Posted: Wed 9th Jan 2019

Council Tax to go up by 5.5% – councillor expects ‘idiot’ label for suggesting much larger rise to protect services for people living in or visiting the wrexham area
This article is old - Published: Wednesday, Jan 9th, 2019

Wrexham Council’s Executive Board nodded through proposals for a 5.5% increase in council tax, with one councillor explaining how he felt to protect services in future years council tax needed to be brought more in line with other authorities despite the backlash such a proposal would create.

The council tax increase was passed alongside a range of proposed savings, plus a promise to review the borough’s library services.

The council tax change will see the average bill for a Band D property rising to £1,153 with some other community charges yet to be decided on top.

However the agenda item was dominated by Clr Alun Jenkins who gave a lengthy impassioned speech (you can watch it here), which he admitted was a trimmed version from one he had prepared several drafts earlier.

Cllr Jenkins has long advocated for council tax rises, usually one or two percent on top of what is proposed come budget time, however he blew the socks off previous numbers by at one point expressing support for a 12% increase – but settling for a 9.5% increase proposal.

Clr Jenkins cited data he had collated showing Wrexham lags behind in council tax bills compared to other nearby authorities, with a comparable bill in Wrexham being £1093 whereas in Denbighshire that could be £1248 or Gwynedd £1301 with the wales-wide average being £1219 some 11% higher than Wrexham. Looking across at England one figure we could make out had Shropshire at £1406, Cheshire East at £1454 and Cheshire West and Chester at £1477 – the latter being 35% higher than Wrexham.

His argument centered around closing the gap in tax take to allow more revenue to be collected by Wrexham Council, and therefore protect the authority to the whims of various governments and their cuts in spending as the revenue from them dwarfs the council tax take.

Cllr Jenkins suggested the extra council tax would be put in a ‘special reserve’ that would become a protection against savings and would mean over time mean more services could be protected. Pointing to future budgets that have £16,000,000 of cuts pencilled in, without traditional pointers to where those cuts could take place, “Things we have had on the table and put to one side will be back on the table, as will many other services. There will be cuts to basic services, even cuts to statutory services.”

Cllr Jenkins said: “It is a no win situation. We can’t do right for doing wrong. I would like us to take the bold step of a substantially greater increase than 5.5% , perhaps an increase of an extra 4%, that could help get us out of a very deep hole.”

“Any increase on the 5.5% would help with that.”

Cllr Jenkins also pointed to the Medium Term Financial Plan of Wrexham Council that notes a 3% inflation based increase, “We are out of that time now that figure really does need to be increased.”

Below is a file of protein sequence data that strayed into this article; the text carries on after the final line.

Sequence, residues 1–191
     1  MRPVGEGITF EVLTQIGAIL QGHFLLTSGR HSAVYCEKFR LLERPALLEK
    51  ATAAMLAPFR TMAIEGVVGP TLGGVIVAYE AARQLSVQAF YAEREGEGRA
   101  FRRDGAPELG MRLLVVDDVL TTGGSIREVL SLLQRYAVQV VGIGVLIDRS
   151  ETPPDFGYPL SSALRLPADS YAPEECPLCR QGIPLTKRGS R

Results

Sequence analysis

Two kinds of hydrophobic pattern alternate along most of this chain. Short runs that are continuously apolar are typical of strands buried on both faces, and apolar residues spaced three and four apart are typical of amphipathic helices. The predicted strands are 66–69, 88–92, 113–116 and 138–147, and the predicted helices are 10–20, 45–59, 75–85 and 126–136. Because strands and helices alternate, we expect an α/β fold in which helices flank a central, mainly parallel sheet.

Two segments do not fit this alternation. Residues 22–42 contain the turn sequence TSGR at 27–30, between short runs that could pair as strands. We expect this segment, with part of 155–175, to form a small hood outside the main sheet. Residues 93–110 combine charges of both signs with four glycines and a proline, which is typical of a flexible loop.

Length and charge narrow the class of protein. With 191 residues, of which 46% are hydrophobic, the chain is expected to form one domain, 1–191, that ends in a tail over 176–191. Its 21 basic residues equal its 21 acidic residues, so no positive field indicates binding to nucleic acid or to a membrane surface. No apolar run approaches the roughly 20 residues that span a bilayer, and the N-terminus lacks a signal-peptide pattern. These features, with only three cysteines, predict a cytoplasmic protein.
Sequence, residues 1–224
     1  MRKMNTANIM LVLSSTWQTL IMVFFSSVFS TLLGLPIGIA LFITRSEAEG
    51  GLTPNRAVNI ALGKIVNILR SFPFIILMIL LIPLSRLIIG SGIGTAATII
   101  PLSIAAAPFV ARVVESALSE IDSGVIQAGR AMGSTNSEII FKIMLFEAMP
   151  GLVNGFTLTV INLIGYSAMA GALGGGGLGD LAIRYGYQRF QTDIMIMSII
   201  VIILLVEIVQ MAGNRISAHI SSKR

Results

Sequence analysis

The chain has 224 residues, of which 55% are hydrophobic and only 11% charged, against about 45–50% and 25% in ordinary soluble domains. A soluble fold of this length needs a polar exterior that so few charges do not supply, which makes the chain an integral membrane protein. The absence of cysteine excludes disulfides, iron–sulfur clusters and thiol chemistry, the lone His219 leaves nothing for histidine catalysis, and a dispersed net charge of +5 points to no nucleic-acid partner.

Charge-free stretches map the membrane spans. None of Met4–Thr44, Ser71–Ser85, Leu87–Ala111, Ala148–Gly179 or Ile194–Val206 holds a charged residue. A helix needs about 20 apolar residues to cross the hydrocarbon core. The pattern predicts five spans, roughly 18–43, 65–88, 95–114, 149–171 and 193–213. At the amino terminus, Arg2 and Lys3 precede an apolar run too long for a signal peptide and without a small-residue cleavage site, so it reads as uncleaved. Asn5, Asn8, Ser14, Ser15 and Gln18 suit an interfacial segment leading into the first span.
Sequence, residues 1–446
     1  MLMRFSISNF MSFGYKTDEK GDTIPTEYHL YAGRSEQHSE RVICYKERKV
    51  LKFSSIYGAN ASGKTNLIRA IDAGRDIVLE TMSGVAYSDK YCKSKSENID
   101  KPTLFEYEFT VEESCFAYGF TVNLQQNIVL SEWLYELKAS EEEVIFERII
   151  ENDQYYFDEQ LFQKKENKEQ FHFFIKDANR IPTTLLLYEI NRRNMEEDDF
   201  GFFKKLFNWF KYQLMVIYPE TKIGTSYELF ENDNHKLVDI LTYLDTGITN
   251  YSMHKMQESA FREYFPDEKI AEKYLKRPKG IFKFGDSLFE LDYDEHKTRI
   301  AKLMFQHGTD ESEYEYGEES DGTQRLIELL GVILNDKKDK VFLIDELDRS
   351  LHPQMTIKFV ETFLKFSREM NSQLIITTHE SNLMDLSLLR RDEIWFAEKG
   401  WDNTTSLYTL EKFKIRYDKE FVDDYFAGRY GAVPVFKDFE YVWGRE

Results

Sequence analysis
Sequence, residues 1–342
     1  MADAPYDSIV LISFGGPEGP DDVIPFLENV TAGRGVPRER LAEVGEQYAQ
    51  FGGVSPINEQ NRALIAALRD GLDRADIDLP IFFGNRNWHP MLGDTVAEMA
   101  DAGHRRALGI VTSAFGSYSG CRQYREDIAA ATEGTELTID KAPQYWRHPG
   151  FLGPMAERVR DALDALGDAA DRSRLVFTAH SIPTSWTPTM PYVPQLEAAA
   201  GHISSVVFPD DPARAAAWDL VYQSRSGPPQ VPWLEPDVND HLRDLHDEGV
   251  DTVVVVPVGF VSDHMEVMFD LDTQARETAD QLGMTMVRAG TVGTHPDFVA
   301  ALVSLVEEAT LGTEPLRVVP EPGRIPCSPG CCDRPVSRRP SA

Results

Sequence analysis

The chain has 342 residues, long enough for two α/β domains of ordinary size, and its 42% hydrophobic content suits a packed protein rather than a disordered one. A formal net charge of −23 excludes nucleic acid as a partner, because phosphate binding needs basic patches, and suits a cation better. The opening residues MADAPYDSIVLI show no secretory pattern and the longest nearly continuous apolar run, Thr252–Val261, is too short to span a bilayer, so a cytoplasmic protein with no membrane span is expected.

Recognising the people of Wrexham are a tough crowd when it comes to council tax, and the council on the whole, he said: “Social media will be red hot saying ‘this idiot on the council is saying we should have a near 10% increase’. I have tried to explain why, it is for the good of the council. If we are going to survive these crises over the next few years we have to do something very very positive.”

“I am very happy to stand on this and be questioned by the people out there” adding that those in his ward he has spoke to have ‘gradually’ come around to the thinking large increases are required to pay for services.

After Cllr Jenkins speech the Council Leader Mark Pritchard replied noting that the power was once in Cllr Jenkin’s hands to raise tax in such a manner but had never taken the chance to do so. Cllr Pritchard noted the 5.5% increase would be a ‘hard sell’, adding: “There are a lot of people struggling out there and if you put council tax up too high you push them over the edge. That is the bluntness of it.”

Cllr Jenkins explained that he was historically part of a group that wanted to keep council tax low, however he had always held his personal views.

After the meeting we spoke with Cllr Jenkins and highlighted some of the immediate replies to our tweets from the meeting that highlighted the large extra council tax increase proposal – with his predicted ‘red hot’ responses coming in – calling him a ‘clown’ and many questioning the value for money on existing services.

Cllr Jenkins was unsurprised and said he viewed the situation as a ‘fight for the future of this council’, adding his fears for the future of services ‘we are are dismantling the good things we have built in the past’.

Many asked how such a rise could be affordable, a situation Cllr Jenkins recognised saying those hardest hit by any council tax rise would possibly be ones most affected by service cuts that will likely happen without it, and only when the services disappear would people understand.

Unlike previous years the budget agenda item itself was quiet, with few councillors in the chamber itself during the discussion, and thus passed the Executive Board vote unanimously.

You can watch Cllr Jenkins make his speech by clicking here…

Our tweets from the meeting are below in the usual reverse order…

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